Now that we know what a wildscape is, the question arises: why should we wildscape? That is, is there really good reason to change our landscaping habits?
This is a legitimate question that deserves a thorough answer (thus, the longer post!). Although my answer focuses on pollinators, much of what I say applies to insects generally, and thus to the wildlife that depends on them.Read More
Welcome to St. Julian’s Crossing Wildlife Habitat! Because some may not be familiar with the type of gardening I do, I thought that a short series explaining this gardening would be helpful. This is the first post in that series.Read More
This is one of the most beautiful, resilient, low-maintenance, and pollinator-attracting prairie plants in our gardens. It is a composite flower, meaning that the flower’s center is actually comprised of many tiny flowers. Consequently, an insect can feed on the multiple nectar rewards from a single flower—kind of like shopping at a mall, rather than a freestanding store! The flower heads are also broad enough to support larger pollinators, like Monarch and Gulf Fritillary butterflies. Blanketflower is one of the most widely used nectar and pollen sources in our garden.Read More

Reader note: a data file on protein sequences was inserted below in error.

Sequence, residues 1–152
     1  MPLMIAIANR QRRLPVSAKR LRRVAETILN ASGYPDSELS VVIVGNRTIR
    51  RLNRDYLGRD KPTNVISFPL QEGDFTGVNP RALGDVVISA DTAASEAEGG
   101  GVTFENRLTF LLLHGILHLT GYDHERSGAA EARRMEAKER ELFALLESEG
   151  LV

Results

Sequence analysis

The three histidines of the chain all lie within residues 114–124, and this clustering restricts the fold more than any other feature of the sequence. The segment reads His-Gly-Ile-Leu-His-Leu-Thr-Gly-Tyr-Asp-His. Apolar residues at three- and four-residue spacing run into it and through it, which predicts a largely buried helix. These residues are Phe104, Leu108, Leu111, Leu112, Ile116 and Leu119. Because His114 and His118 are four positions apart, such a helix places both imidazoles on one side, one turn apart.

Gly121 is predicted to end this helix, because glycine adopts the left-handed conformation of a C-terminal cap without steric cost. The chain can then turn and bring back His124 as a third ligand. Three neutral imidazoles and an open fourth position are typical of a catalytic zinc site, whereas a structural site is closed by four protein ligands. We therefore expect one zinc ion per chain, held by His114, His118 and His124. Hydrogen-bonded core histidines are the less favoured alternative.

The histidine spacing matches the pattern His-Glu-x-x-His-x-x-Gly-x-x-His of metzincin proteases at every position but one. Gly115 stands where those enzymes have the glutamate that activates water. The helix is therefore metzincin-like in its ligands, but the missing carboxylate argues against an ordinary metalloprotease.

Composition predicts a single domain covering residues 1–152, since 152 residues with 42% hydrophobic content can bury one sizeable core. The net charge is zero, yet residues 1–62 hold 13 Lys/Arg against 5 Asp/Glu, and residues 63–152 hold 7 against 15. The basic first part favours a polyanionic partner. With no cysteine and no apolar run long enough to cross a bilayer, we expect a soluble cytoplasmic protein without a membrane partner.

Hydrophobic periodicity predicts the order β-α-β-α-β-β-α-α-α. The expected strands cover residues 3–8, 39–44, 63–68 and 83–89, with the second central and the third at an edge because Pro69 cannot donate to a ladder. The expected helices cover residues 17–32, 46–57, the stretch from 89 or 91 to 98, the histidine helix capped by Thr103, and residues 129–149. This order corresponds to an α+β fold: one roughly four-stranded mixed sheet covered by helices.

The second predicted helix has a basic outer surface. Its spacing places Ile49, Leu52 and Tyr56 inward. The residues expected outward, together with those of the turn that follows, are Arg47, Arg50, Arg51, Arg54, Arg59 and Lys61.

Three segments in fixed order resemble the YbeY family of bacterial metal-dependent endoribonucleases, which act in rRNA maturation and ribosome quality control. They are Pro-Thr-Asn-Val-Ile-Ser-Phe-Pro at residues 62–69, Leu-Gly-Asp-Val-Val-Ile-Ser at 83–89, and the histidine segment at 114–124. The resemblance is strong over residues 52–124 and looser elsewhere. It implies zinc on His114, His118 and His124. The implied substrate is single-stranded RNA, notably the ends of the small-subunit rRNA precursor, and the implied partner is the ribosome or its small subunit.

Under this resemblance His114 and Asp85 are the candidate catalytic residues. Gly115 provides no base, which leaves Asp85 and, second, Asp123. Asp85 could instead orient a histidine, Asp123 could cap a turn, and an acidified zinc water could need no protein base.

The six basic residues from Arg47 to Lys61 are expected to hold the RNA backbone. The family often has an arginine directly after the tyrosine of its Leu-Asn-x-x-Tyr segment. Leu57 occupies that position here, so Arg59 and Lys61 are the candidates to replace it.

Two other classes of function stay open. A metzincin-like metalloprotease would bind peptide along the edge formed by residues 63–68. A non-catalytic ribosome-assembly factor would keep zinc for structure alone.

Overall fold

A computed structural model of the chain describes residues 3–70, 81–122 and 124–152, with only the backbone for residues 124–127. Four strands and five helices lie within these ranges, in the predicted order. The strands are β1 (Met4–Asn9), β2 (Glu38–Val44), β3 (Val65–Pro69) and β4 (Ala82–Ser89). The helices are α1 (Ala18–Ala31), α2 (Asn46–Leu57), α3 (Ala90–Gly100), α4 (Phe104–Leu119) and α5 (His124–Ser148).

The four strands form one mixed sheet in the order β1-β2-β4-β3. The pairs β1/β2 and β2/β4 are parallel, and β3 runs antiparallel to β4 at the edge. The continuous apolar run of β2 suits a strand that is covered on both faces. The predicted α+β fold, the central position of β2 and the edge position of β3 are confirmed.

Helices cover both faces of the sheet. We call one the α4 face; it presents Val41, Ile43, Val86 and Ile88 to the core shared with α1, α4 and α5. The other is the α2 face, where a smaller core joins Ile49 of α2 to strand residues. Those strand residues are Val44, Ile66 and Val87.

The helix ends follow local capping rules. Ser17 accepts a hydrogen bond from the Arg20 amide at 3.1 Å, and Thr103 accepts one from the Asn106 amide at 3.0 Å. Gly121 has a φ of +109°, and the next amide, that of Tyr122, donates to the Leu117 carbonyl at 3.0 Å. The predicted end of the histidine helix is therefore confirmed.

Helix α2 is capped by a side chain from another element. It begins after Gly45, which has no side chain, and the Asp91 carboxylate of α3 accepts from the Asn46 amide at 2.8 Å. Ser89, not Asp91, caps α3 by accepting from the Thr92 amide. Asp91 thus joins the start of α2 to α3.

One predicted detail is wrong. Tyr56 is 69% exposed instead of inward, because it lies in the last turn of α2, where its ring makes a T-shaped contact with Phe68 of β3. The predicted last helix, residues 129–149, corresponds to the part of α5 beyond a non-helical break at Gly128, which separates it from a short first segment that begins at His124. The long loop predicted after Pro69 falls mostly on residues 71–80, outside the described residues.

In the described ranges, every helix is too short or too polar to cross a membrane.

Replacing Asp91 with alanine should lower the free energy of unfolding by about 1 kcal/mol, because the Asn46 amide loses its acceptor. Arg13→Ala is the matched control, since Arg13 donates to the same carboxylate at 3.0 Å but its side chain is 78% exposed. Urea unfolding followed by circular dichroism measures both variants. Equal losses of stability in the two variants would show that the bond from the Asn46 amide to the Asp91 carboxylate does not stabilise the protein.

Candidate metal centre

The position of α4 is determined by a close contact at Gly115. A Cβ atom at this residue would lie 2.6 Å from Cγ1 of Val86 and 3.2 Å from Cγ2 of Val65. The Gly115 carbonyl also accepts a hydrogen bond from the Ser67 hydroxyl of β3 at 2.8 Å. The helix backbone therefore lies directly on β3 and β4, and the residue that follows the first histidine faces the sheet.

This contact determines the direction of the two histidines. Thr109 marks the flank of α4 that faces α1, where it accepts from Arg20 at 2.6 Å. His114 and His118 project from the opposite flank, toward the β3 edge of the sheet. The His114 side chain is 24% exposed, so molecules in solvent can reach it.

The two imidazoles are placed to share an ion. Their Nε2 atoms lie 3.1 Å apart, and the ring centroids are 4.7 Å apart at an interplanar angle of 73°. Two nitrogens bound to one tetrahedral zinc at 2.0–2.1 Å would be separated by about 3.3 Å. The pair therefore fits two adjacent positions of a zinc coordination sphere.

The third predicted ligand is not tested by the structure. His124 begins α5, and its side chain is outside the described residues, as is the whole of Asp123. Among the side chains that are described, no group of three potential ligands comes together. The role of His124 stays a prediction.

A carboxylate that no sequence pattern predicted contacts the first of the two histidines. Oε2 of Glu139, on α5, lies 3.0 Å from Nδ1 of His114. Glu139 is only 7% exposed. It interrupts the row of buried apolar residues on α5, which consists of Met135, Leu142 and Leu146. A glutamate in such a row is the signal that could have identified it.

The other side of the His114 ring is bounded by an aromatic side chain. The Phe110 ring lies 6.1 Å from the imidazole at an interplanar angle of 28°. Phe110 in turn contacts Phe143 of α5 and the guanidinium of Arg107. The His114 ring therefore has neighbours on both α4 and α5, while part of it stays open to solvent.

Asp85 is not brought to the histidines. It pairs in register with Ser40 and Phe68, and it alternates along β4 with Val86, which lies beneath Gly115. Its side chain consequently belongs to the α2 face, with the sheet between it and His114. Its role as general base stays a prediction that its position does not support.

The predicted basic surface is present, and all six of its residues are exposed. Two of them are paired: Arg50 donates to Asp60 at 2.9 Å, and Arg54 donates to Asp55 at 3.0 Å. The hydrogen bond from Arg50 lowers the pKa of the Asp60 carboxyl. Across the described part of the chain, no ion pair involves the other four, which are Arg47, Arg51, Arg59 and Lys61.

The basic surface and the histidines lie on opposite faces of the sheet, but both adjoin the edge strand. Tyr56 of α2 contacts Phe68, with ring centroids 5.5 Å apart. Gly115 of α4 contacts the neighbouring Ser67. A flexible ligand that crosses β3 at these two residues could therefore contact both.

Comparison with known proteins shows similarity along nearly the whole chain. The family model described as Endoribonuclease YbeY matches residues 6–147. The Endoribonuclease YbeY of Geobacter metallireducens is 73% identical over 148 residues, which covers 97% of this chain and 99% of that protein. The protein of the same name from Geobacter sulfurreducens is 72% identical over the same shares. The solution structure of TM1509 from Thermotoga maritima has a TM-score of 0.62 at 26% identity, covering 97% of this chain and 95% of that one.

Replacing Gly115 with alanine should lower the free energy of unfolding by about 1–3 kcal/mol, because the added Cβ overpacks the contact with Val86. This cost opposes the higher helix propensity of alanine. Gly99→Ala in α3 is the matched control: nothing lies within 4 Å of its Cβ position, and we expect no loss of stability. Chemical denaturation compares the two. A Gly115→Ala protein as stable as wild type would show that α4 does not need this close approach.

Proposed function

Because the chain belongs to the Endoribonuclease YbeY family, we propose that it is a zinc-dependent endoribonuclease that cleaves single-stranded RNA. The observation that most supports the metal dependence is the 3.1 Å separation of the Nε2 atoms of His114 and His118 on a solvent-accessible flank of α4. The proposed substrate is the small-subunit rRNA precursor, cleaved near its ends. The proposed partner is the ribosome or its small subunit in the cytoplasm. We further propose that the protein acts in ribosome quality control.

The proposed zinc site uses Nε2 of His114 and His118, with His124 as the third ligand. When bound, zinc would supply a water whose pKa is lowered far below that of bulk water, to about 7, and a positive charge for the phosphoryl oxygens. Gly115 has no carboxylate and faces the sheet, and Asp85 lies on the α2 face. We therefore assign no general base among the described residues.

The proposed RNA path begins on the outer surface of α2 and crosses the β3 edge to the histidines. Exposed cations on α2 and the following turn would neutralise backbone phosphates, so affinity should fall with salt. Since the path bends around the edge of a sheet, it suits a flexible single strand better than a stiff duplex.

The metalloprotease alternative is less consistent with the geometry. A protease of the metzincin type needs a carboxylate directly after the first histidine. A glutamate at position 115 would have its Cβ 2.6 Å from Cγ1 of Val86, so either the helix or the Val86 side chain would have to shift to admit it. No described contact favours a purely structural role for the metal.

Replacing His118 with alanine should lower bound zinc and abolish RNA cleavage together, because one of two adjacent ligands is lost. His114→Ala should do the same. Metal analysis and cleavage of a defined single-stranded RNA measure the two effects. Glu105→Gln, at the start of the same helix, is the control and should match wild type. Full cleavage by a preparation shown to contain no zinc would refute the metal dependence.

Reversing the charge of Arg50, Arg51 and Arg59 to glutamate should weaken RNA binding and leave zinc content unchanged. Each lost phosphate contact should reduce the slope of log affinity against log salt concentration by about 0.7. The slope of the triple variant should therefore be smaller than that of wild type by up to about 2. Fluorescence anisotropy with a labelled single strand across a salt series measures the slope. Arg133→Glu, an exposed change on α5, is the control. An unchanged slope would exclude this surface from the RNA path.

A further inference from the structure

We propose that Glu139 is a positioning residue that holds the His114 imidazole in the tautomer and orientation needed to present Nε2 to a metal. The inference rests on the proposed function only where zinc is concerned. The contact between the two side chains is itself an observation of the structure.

I love Triepeolus bees! First, I find them adorable: at least some of the Triepeolus species have markings like a smiley face on their dorsal thorax (the body segment behind the head). Now how cute is that?Read More